Before October 1538 John Beckington, son of Gilbert Beckington, filed a claim before the courts that William Silverthorne, son of John Silverthorne and Avise, his wife, daughter of Thomas Hobbes II, had sold various parcels of land in West Amesbury to his father Gilbert Beckington. The court decided that such a sale was properly made and drew up an agreement to divide the lands between John Beckington and William South.[19]

The lands at West Amesbury continued in the South family for a number of generations and were enlarge by other purchases.[20] The lands acquire by the Beckington family also continued to be held by them.[21]
The Silverthorne family does not appear in the Wiltshire taxation list for 1545 but a number of members are listed in the 1576 taxation list. In 1576 William Silverthorne the elder and William Silverthorne the younger lived at West Ashton. It is possible that William Silverthorne the elder could be the same William Silverthorne of 1538. Also living there were John Silverthorne and Joan Silverthorne who was a widow.[22]

Further information on the Silverthorne family is difficult to know. The surviving medieval documents relating to property are concerned mainly with who owns the property, how much is it worth and how much do the tenants owe to the landlord. When a family sells land their subsequent history is of little concern to archivists working between the land sale and our own time. Thus our present history draws to a close until some new document surfaces sometime, somewhere.   

Medieval history is usually about royalty, great abbeys and the great barons who left behind them tons of documents. This article began with one undated document from the latter quarter of the fifteenth century. The pedigree of John Goien, contained in that document, was somewhat straightforward but also difficult to interpret properly. Yet that document, and the other surviving documents, allowed us to get a partial look in at an ordinary family who lived in West Amesbury nearly three hundred years and that is extraordinary. Although in the end the family severed their connection with West Amesbury with a bill of sale that end was with a bill of sale and not some eviction by a hungry landlord or war or plague and that is nice to see.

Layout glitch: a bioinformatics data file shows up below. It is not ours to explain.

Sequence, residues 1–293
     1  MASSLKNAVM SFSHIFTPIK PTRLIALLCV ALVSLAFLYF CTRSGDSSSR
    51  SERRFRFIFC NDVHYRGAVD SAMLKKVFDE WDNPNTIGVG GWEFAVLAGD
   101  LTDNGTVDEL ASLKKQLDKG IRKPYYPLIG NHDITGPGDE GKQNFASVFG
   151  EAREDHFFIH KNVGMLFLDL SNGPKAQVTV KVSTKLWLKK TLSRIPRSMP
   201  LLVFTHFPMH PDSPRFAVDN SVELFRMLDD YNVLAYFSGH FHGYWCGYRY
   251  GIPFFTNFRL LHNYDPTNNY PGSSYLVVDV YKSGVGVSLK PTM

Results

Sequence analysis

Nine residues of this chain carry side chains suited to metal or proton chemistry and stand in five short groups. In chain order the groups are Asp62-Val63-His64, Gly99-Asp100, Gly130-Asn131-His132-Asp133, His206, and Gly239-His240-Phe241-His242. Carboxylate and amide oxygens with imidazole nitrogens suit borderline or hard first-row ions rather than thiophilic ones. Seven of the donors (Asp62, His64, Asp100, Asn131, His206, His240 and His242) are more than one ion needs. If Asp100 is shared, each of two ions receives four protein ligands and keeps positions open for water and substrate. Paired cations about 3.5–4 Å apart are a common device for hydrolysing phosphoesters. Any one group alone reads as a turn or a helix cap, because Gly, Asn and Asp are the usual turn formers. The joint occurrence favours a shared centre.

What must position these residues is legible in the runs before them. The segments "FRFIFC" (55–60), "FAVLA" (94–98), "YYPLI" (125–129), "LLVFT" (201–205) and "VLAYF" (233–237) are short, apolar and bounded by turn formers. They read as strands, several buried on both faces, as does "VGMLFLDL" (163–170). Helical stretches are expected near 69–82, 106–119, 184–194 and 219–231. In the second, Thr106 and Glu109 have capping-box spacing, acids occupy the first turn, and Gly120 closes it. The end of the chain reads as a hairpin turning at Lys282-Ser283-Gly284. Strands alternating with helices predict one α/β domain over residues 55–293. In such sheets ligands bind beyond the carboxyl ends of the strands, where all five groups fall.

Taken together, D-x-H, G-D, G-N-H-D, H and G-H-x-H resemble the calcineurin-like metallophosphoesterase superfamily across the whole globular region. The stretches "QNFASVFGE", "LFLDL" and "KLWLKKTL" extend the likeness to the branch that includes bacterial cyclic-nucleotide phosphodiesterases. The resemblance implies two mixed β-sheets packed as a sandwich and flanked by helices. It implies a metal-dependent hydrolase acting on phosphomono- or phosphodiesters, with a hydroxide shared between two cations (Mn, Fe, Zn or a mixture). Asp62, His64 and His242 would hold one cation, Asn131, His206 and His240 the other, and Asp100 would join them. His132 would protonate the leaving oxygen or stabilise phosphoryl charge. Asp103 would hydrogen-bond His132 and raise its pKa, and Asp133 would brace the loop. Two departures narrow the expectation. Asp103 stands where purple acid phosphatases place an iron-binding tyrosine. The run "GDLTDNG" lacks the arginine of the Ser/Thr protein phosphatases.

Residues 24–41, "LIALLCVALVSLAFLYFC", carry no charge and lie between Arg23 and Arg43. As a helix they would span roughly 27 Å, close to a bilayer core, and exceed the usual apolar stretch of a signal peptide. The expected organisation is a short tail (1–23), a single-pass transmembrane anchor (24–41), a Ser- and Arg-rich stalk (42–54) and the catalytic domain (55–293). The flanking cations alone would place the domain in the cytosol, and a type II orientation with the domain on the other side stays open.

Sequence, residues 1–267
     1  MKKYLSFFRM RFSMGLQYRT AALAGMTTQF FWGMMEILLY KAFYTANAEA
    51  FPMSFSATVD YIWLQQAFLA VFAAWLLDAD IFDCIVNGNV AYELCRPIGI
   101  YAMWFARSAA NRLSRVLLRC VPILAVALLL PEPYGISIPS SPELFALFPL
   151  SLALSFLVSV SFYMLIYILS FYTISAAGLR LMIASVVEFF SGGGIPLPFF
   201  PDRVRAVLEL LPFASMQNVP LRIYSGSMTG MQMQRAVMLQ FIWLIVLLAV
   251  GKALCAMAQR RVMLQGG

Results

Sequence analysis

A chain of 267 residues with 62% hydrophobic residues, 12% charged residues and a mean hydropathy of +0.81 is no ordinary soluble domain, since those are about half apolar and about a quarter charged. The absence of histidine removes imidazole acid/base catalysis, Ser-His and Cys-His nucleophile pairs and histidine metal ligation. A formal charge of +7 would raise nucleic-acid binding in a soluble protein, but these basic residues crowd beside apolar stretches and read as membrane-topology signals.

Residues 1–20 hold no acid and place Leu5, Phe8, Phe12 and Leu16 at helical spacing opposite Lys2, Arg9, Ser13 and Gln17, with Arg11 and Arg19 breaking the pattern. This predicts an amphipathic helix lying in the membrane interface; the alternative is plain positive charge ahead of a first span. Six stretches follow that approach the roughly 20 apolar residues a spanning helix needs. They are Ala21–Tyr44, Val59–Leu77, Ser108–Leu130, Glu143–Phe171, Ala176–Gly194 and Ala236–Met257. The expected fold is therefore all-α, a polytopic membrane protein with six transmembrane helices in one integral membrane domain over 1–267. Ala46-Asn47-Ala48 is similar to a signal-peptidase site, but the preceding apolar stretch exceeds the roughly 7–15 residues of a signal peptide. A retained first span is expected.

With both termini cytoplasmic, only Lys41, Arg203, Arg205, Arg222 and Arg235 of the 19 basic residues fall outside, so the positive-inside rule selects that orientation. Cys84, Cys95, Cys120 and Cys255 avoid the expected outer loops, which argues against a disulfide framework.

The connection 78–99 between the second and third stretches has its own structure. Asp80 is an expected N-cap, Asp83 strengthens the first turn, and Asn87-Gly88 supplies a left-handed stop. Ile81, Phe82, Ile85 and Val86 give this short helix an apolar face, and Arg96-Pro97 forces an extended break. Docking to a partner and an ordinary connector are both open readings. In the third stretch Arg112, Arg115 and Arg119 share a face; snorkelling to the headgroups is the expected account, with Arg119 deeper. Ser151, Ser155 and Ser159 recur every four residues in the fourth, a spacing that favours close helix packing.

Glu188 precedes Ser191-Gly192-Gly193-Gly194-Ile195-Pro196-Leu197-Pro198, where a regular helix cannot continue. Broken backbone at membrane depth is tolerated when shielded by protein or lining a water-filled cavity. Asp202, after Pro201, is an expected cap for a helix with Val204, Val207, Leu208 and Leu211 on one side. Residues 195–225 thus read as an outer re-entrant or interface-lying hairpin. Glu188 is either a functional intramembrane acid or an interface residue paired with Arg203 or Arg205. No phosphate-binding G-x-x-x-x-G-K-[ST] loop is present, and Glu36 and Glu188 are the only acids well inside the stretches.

End of Post


[1] R.B. Pugh (ed.), Calendar of Antrobus Deeds before 1625 (Wiltshire Record Society, vol. 3, 1947), no. 76
[3] R.B. Pugh (ed.), Calendar of Antrobus Deeds before 1625, no. 18
[4] R.B. Pugh (ed.), Calendar of Antrobus Deeds before 1625, no. 3
[5] R.B. Pugh (ed.), Calendar of Antrobus Deeds before 1625, no. 5
[6] Edward Alex Fry (ed.), Abstracts of Wiltshire Inquisitions Post Mortem in the reigns of Henry III, Edward I & Edward II, 1242-1326 (British Record Society, 1908), p. 240
[7] R.B. Pugh (ed.), Calendar of Antrobus Deeds before 1625, nos. 9-16, 18-20
[8] R.B. Pugh (ed.), Abstracts of feet of fines relating to Wiltshire for the reigns of Edward I and Edward II (Wiltshire Record Society, vol. 1, 1939), p. 82
[9] Ethel Stokes (ed.), Abstracts of Wiltshire inquisitions post mortem in the reign of Edward III, part 2, 1354-1377 (British Record Society, 1914), p. 344
[10] R.B. Pugh (ed.), Calendar of Antrobus Deeds before 1625, nos. 49, 50
[11] R.B. Pugh (ed.), Calendar of Antrobus Deeds before 1625, no. 36
[12] R.B. Pugh (ed.), Calendar of Antrobus Deeds before 1625, no. 45
[13] R.B. Pugh (ed.), Calendar of Antrobus Deeds before 1625, no. 45
[14] R.B. Pugh (ed.), Calendar of Antrobus Deeds before 1625, nos. 59, 60
[15] R.B. Pugh (ed.), Calendar of Antrobus Deeds before 1625, no. 78
[16] R.B. Pugh (ed.), Calendar of Antrobus Deeds before 1625, no. 80
[17] R.B. Pugh (ed.), Calendar of Antrobus Deeds before 1625, no. 85
[18] R.B. Pugh (ed.), Calendar of Antrobus Deeds before 1625, no. 84
[19] R.B. Pugh (ed.), Calendar of Antrobus Deeds before 1625, no. 88
[20] R.B. Pugh (ed.), Calendar of Antrobus Deeds before 1625, nos. 92, 112, 130
[21] R.B. Pugh (ed.), Calendar of Antrobus Deeds before 1625, nos. 107, 109, 139, 145
[22] G.D. Ramsey (ed.), Two sixteenth century taxation lists 1545 and 1576 (Wiltshire Record Society, vol. 10, 1954), p. 139